While accidental ingestion of nicotine-containing products is a common cause of poisoning, occupational exposure to concentrated forms of nicotine can also pose a significant risk. In this case, report, we present the case of a 22-year-old man who suffered from nicotine poisoning after being exposed to a large amount of concentrated nicotine while working at an e-liquid factory. We describe the patient’s clinical presentation, management, and outcome, and discuss the potential implications for occupational health and safety. This case highlights the need for better awareness and preventive measures to reduce the risk of nicotine poisoning in the workplace.

2. Case Report

We present the case of a 22-year-old man, a smoker, with no prior medical history, who worked at an e-liquid factory. He accidentally spilled 300 mL of pure nicotine solution (>99%) on his right leg and was not wearing personal protective equipment (PPE) or a mask at the time. He immediately experienced dizziness, nausea, and headaches, and reported burning sensations and pain at the site of the spill on his leg. He removed his trousers and washed his leg with water. He presented to the emergency department two hours after the incident. On examination, the patient was alert and scored 15 on the Glasgow coma scale. His blood pressure was 111/56 mmHg, his heart rate was 70 bpm, his respiratory rate was 25 cpm, his oxygen saturation was 100% without oxygen supplementation, and his temperature was 36 °C. The patient complained of headaches and abdominal pain and vomited continuously. Neurological examination revealed chills and excessive salivation, while his pupils were intermediate and reactive. Cardiopulmonary examination did not show any abnormalities, while abdominal examination revealed diffuse tenderness and the presence of bowel sounds. There were no apparent cutaneous irritations on the right leg. His electrocardiogram (ECG) was normal, while arterial blood gas revealed a respiratory alkalosis with pH 7.59, pCO2 18.1 mmHg, pO2 126 mmHg, and lactate level of 6 mmol/L. His blood glucose level was 9.1 mmol/L. The patient received intravenous ondansetron for his nausea and paracetamol and morphine for pain management. He was also given 1.5 L of fluid resuscitation. His condition gradually improved over the next five hours without any specific treatment, and he was discharged from the hospital after 24 h. His lactate level was normalized to <2 mmol/L in 12 h. Five hours after the incident, the patient’s blood nicotine level was found to be 447 ng/mL, while his cotinine and hydroxycotinine levels were 1254 ng/mL and 197 ng/mL, respectively.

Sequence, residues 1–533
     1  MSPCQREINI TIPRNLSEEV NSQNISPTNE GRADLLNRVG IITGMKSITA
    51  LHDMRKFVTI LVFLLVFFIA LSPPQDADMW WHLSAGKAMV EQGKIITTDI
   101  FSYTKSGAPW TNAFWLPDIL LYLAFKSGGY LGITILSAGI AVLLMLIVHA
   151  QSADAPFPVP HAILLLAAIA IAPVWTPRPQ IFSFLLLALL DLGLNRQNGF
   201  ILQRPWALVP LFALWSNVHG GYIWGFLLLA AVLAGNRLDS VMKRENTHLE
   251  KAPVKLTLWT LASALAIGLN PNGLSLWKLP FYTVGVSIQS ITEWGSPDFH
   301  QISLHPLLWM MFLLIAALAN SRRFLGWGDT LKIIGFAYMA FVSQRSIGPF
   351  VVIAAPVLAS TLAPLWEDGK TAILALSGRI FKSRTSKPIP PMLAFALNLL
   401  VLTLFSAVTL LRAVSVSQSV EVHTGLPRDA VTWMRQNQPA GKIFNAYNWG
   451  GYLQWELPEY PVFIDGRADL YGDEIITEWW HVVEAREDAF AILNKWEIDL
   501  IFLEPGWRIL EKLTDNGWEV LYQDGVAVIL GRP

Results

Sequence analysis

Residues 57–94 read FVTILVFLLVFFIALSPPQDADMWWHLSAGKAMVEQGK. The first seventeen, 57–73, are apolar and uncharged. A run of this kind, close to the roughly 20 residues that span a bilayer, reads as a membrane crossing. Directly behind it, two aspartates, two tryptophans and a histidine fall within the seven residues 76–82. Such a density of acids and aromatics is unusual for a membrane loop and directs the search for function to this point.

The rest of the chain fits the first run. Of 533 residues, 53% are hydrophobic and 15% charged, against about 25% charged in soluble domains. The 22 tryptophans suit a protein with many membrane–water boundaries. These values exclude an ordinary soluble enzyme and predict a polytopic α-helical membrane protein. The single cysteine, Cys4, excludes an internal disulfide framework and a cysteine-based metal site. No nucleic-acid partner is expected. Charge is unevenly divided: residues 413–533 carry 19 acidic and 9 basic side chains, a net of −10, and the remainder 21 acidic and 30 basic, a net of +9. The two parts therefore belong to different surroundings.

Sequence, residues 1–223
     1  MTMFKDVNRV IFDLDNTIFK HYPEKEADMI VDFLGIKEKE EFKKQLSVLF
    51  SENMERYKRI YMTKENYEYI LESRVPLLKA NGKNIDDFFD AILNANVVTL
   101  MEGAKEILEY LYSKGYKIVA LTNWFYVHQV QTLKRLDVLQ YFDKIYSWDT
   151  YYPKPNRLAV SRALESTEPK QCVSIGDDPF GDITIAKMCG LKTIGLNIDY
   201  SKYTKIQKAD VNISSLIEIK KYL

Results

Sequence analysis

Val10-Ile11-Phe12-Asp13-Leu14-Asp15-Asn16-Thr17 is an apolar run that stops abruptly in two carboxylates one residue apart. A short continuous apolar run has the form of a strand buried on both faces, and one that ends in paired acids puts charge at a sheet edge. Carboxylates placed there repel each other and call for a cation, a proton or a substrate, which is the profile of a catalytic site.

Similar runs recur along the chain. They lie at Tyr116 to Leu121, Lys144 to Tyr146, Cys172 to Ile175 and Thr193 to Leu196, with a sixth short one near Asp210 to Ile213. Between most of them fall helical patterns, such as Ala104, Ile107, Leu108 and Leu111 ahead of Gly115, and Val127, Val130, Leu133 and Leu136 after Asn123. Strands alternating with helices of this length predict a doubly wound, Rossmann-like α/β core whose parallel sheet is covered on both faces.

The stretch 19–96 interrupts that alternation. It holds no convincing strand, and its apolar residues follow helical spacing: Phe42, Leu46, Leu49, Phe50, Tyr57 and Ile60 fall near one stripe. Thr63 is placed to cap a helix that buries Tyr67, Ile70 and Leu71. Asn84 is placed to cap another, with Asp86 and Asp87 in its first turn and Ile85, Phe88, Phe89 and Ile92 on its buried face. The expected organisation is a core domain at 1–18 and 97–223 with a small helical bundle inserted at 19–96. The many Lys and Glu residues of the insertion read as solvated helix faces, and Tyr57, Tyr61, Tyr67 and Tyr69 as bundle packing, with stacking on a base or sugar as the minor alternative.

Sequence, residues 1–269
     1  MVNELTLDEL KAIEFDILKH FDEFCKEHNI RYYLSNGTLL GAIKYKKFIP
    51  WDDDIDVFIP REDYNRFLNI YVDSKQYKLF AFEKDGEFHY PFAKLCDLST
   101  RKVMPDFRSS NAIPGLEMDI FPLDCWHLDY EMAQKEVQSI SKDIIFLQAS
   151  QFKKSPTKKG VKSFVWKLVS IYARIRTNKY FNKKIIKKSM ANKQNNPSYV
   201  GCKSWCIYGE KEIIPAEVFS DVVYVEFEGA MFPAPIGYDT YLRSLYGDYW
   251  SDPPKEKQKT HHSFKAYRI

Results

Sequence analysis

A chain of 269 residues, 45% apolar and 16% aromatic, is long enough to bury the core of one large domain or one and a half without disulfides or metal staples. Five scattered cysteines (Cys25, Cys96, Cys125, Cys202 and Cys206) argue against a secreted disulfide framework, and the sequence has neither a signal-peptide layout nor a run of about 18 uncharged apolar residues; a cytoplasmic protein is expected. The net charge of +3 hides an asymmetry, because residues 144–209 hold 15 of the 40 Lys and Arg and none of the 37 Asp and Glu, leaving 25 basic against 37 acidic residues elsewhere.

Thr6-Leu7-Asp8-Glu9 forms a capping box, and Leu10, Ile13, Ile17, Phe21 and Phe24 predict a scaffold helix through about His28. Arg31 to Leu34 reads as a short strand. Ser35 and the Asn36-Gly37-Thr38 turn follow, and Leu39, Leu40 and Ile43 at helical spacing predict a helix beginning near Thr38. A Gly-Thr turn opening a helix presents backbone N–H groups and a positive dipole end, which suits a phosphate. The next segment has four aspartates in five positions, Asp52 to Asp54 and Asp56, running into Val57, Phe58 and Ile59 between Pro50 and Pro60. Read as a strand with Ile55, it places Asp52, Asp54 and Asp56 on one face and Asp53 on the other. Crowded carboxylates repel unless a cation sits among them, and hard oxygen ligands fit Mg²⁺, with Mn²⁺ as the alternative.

3. Materials and Methods

3.1. Reagents

Nicotine and 3-hydroxycotinine were provided by Cerillant (Sigma Aldrich, Munich, Germany). Cotinine and cotinine-D3 were purchased from LGC standard (Molsheim, France). Water purity was 18.2 mΩ/cm (Millipore, France). Pooled human plasma and whole blood were obtained from the Etablissement Français du Sang (EFS, Marseille, France). Buffer pH = 9 was prepared with Tritisol (Merck, Darmstadt, Germany). Acetonitrile, ammonia, and methanol were obtained from VWR International (Radnor, PA, USA).

3.2. Sample Preparation

Firstly, 250 µL of pH = 9 buffer was added to 250 µL of plasma, along with 25 µL of internal standard. Nicotine and its metabolites were then extracted via liquid–liquid extraction (LLE). Next, 1 mL of dichloromethane was added to the mixture, agitated for 20 min and centrifuged for 10 min at 14,500 rpm. The supernatant was then removed (aqueous phase) and the lower phase (organic) was transferred into a 5 mL glass tube and evaporated under a nitrogen flow for 10 min. The dry residue was reconstituted with 250 µL of mobile phase (90%A/10%B), 150 µL was transferred into a vial and 10 µL was injected into the chromatographic system.
Calibration standards (CS) were prepared from blank plasma spiked with the pure calibration solution in order to obtain a calibration range comprising 7 levels (10 ng/mL, 25 ng/mL, 50 ng/mL, 100 ng/mL, 250 ng/mL, 500 ng/mL and 1000 ng/mL) and 3 quality controls (QCs) (25 ng/mL, 100 ng/mL and 500 ng/mL).

3.3. Liquid Chromatography

Liquid chromatography was performed on an Acquity H-Class system (Waters, Milford, MA, USA). The compounds were eluted on a column BEH C18 (1.7 µm 2.1 mm × 50 mm; Waters, Milford, MA, USA), column temperature was set at 40 °C. Mobile phase A constituted water and acetonitrile (98/2; v/v) with ammonia 0.1%. Mobile phase B was pure acetonitrile. The gradient was as follows: 10%B for 1 min, linear gradient to 40%B for 3 min, back to 10%B in 0.1 min held for 1.4 min. Mobile phase flow rate was fixed at 0.4 mL/min. Total run time was 4.5 min.

3.4. Mass Spectrometry